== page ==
Title IX propelled women from college courts to CEO offices

With the 50th anniversary of Title IX on the horizon, here’s a look at some of the women who have played college sports through the law and embraced the opportunity off the court. Some women have used the competitive skills learned while playing sports to become CEOs, commissioners and start their own businesses:

GAIL KOZIARA BOUDREAUS

Sports career: Dartmouth basketball, 1978-1982. She is still the school’s leading scorer and rebounder with 1,933 points and 1,635 rebounds in 89 games. Three-time Ivy League Player of the Year who led Big Green to the first of many league titles. Also Ivy League shot put champion four consecutive years, earning All-American recognition as a senior.

Business Career: Boudreaux earned an MBA from Columbia Business School and has run several businesses. She is a former CEO of United Healthcare and took over as Chairman and CEO of Anthem, Inc., a Fortune 500 company, in 2017.

On Title IX: Boudreaux played for Massachusetts State high school basketball champions who couldn’t practice in their own gymnasium. “We had to go to college to train, so Title IX wasn’t really implemented,” she said.

It’s one of the reasons giving back is so important that Boudreaux has endowed the position of women’s basketball coach at Dartmouth. His company has also partnered with four WNBA teams for community outreach programs.

GINNY GOLDEN

Athletic career: Two-time Olympian, 1980, 1984. Won silver in rowing, 1984. All-American rower at Yale, 1975-1979. Perhaps her most notable achievement as a college rower was taking part in the famous “Yale Strip-In” to protest the unequal treatment of male and female rowers in school.

Business Career: Earned an MBA in Washington in 1991. Gilder founded Washington Works, a Seattle foundation focused on helping women on public assistance in the 1990s. Became CEO and founder in 2004 of Gilder Office for Growth, a family investment office. She remains the director of the company. Managing member of Force 10 Enterprises, owner of Force 10 Hoops, WNBA’s Seattle Storm and Force 10 Sports Marketing.

On Title IX: “In my career, what I’ve learned is that no matter the obstacles. Whether someone thinks you can’t do something or that you shouldn’t be allowed to .If you want to do something, you kind of have to go.”

MICHELLE MARCINIAK

Sports career: Gatorade National Player of the Year, 1991. Played basketball at Notre Dame 1991-92, transferred to Tennessee, 1993-1996. Marciniak played in two national championship games, helping coach Pat Summitt win a fourth national title in 1996. She was the 1996 Final Four Most Valuable Player. ball and three seasons in the WNBA.

Business career: scouting coordinator and assistant coach for women’s basketball in South Carolina, 2003-2008. She worked with trainer Susan Walvius to found their own company SHEEX in 2007 using performance fabrics for bedding and sleepwear. Marciniak remains co-CEO with Walvius. Their products are sold nationwide with plans for international growth.

On Title IX: Everyone who has played for Summitt has learned the history of Title IX, how the game evolved, and the stories of those who came before it. As the Gatorade National Player of the Year, Marciniak shared a magazine centerfold with Chris Webber when the two were playing for national titles in college.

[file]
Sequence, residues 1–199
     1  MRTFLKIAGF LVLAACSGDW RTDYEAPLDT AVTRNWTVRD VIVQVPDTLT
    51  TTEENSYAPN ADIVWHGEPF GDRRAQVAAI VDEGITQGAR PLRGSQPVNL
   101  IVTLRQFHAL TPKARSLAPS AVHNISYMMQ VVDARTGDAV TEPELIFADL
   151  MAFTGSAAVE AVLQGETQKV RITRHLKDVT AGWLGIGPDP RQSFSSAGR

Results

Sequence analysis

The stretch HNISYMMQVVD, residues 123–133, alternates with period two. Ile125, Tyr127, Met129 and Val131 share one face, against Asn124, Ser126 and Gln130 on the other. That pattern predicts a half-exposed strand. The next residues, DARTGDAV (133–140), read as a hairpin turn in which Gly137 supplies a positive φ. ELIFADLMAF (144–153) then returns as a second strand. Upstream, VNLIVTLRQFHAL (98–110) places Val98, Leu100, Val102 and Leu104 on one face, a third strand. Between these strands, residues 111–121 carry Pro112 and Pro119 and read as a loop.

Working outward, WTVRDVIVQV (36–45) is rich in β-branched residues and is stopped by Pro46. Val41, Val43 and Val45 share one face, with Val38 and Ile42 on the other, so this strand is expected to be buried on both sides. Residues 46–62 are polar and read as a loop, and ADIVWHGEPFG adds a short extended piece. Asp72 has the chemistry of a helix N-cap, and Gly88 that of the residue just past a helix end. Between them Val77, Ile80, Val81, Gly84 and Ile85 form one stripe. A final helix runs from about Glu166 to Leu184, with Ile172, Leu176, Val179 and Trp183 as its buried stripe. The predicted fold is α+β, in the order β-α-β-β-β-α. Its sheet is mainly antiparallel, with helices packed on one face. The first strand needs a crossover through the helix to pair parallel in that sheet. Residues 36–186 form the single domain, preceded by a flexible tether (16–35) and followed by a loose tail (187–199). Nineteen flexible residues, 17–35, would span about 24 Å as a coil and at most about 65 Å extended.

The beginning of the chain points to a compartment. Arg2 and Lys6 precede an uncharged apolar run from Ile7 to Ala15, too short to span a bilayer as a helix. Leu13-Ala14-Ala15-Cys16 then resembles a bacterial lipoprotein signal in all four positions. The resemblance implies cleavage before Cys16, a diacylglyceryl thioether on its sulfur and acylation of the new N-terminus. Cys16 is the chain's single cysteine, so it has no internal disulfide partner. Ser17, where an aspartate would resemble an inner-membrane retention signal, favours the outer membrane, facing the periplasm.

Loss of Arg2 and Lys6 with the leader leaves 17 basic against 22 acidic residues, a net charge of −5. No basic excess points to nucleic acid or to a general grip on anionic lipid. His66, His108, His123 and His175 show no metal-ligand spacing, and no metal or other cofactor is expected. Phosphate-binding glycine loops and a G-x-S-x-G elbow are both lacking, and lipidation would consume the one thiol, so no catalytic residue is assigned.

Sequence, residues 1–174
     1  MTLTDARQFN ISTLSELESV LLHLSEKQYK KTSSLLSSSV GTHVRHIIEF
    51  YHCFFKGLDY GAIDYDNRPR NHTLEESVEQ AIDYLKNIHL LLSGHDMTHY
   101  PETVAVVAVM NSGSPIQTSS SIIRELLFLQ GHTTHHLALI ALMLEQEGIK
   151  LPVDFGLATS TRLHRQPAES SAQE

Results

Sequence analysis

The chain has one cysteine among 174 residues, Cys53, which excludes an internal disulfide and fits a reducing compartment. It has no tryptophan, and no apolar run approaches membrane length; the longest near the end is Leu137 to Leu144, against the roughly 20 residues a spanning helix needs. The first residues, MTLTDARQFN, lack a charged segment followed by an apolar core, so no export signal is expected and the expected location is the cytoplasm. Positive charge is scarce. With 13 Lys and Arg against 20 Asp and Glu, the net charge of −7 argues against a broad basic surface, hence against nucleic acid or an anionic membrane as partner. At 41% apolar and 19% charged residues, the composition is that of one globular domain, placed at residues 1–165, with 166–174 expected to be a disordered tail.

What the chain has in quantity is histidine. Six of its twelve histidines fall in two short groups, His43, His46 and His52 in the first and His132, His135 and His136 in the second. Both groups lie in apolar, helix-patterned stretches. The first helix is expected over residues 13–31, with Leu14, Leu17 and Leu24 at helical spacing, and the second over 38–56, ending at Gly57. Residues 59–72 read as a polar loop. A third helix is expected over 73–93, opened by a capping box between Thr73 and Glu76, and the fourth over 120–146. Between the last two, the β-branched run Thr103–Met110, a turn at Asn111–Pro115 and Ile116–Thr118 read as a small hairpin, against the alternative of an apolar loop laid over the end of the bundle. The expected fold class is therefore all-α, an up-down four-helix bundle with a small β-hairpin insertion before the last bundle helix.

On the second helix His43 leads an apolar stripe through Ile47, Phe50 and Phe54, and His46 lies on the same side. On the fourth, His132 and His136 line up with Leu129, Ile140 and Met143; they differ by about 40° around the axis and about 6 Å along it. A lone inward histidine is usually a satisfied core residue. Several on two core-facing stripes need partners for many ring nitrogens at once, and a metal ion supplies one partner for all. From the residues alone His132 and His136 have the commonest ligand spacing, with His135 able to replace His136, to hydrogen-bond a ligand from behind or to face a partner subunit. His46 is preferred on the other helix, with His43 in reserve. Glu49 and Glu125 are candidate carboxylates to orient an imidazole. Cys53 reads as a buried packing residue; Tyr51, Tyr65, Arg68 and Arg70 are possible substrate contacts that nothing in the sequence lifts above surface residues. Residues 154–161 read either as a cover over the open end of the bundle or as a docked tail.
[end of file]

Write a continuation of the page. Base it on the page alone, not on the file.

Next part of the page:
“He lost theirs. We won ours in Tennessee. So we go pro, and Chris comes in with a salary of $14 million. And my first salary, I think…was $21,000. We’re on the same path, We’re supposed to have the same, you know, equality. But the pay gap was huge, and it still is.

JACQIE MCWILLIAMS

Sports career: Hampton basketball and volleyball, 1987-1991. She helped Hampton win the 1988 NCAA Division II basketball title as rookie of the year. McWilliams was named CIAA Volleyball Player of the Year in 1990.

Business Career: Earned a master’s degree at Temple, coached volleyball at the Virginia Union, and later served as the first female assistant on a Central Intercollegiate Athletic Association men’s basketball team. Worked in sports administration at the CIAA as Director of Compliance and Championships. McWilliams went to the NCAA in 2003 and worked her way up to director of championships and alliances. Hired in 2012 as the CIAA’s first black female commissioner.

On Title IX: “I think there’s still a long way to go. I’d like to see more women, more women of color, black women in roles of opportunity and have that access. And we have there is still work to be done there.”

MEG WHITMAN

Athletic Career: Played basketball, lacrosse, tennis and was captain of the high school swim team. Played squash and lacrosse at Princeton, 1975-77.

Business career: Started as brand manager at Procter & Gamble, 1979. Consultant at Bain & Company. She was vice president of strategic planning for the Walt Disney Company and then for DreamWorks, Procter & Gamble and Hasbro. As CEO of eBay Inc., she led the fledgling 30-employee startup from 1998 to 2008. Whitman took over as CEO of Hewlett-Packard in 2011. She oversaw the company’s breakup, with Whitman continuing to lead HPE until his resignation until late. 2017. Bought a stake with her husband in Cincinnati FC from MLS, 2019. President Biden appointed her as Ambassador to Kenya in December 2021.

On Title IX: “I preferred team sports. When I put together a business team, I always use those basketball aphorisms I learned in my youth: ‘Let’s pass the ball a little before the game time. “‘Do we need man-to-man or zonal defense?'” Whitman wrote in his book, “The Power of Many.”

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For more on the impact of Title IX, check out the full AP package: https://apnews.com/hub/title-ix Video timeline: https://www.youtube.com/watch?v= NdgNI6BZpw0

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